Tip the Second: Don't study
Studying is another much ballyhooed bad habit. Now, let's get clear about what I'm pillorying. I'm not saying you shouldn't read your text (once, mind you, and without highlighting anything or taking notes) or do your homework. What you shouldn't do is frequently return to these materials (or to your class notes, which, you'll recall, you shouldn't have written) and try to commit them literally to memory, like an actor memorizing lines. If you're doing this, you're not only wasting your time, you're missing the point.
Sure, all bets are off when the teacher just wants you to rattle off facts, as even the best teachers are liable to do occasionally. Take notes and study them if you can't memorize those facts in one gulp. (In spite of the first tip, I usually end up writing three or four pages of notes a semester, between all four of my classes.) As I was saying before, though, this largely isn't your task; your task is to understand. So forget about memorizing the words "a subset A of a metric space M is totally bounded provided that for every ε > 0 there exist finitely many points in M such that A is a subset of the union of the ε-balls about those points" and just try to figure out what they mean. That's what constitutes learning mathematics. Once you know how to apply the definition, you'll be able to reconstruct it at will, as I just did. You might not phrase it the same way as the textbook, but this is mathematics, not poetry, so nobody cares.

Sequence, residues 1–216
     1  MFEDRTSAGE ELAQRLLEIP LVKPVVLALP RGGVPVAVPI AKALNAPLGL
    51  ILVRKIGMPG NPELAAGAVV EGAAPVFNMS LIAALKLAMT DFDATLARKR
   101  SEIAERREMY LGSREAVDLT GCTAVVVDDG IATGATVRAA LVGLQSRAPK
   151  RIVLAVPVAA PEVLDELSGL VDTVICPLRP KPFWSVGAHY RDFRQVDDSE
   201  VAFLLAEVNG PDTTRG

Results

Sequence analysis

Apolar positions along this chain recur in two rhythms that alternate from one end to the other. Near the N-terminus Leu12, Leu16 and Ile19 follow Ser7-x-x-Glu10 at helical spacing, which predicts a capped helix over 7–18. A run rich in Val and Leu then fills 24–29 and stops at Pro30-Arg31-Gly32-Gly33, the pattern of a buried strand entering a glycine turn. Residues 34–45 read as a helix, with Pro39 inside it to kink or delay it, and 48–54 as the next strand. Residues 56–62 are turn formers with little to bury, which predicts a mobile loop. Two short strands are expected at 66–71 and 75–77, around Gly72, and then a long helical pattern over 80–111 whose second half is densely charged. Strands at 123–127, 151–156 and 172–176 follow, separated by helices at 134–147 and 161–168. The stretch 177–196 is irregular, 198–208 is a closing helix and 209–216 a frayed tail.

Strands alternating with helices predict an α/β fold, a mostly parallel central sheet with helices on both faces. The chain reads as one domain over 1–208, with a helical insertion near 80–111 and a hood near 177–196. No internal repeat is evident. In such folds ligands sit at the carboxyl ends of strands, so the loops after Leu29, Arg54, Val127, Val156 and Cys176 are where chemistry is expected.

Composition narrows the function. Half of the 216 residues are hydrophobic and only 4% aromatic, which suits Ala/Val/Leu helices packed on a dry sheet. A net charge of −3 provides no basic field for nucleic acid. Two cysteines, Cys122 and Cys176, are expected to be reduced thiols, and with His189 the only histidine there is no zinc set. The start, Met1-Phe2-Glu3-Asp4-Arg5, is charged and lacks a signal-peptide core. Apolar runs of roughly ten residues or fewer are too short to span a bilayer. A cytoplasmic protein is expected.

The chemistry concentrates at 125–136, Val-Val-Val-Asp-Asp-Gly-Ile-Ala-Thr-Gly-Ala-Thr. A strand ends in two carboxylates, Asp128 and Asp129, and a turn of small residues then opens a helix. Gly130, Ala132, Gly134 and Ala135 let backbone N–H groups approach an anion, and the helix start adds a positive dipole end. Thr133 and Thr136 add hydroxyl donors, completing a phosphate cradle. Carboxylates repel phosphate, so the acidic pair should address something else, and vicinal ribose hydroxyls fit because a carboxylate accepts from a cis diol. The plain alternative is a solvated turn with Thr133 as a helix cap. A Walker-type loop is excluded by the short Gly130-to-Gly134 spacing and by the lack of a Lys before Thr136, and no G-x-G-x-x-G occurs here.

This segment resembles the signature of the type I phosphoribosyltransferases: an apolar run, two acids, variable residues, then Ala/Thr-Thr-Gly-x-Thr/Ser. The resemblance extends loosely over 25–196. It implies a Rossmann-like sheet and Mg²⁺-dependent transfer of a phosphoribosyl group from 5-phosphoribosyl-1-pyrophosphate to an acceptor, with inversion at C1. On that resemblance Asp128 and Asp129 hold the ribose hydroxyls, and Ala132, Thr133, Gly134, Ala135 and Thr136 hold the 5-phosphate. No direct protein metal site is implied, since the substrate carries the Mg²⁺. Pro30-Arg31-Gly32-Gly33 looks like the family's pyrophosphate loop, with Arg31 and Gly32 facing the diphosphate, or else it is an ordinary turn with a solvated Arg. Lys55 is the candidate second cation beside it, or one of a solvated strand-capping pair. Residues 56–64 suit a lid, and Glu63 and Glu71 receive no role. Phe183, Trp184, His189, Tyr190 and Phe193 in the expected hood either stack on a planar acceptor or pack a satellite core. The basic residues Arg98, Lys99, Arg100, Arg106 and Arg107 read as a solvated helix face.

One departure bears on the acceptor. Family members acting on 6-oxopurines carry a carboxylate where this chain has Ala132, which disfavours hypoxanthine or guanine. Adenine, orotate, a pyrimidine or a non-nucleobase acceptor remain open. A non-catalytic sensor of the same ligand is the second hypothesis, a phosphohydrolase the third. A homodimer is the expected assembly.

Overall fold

Do you now see how backwards the "copy first, process later" approach is? You need to remember things and to understand them. Memorizing things you don't understand is really hard, in the same way that memorizing random digits is really hard. On the other hand, coming to understand something requires no prior memory of it, and once you do understand it, you get the memory for free. This is cognitive psychology in action, dudes and ladies!
Tip the Third: Don't procrastinate